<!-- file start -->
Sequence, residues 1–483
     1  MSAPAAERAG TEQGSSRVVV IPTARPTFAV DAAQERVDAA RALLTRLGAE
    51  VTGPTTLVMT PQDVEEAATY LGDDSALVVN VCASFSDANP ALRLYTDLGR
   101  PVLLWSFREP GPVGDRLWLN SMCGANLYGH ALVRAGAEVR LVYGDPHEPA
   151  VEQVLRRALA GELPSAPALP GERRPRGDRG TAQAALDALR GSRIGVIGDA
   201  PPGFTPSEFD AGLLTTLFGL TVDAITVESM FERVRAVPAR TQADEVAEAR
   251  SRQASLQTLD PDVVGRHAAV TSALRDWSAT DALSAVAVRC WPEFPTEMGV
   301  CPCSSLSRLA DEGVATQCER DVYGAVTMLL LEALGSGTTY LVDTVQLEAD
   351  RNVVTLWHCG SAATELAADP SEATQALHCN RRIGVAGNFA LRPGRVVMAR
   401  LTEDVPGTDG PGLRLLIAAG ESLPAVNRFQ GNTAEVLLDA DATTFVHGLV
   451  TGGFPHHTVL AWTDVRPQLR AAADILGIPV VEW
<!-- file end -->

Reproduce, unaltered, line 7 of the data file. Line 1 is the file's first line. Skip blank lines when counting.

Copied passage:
   251  SRQASLQTLD PDVVGRHAAV TSALRDWSAT DALSAVAVRC WPEFPTEMGV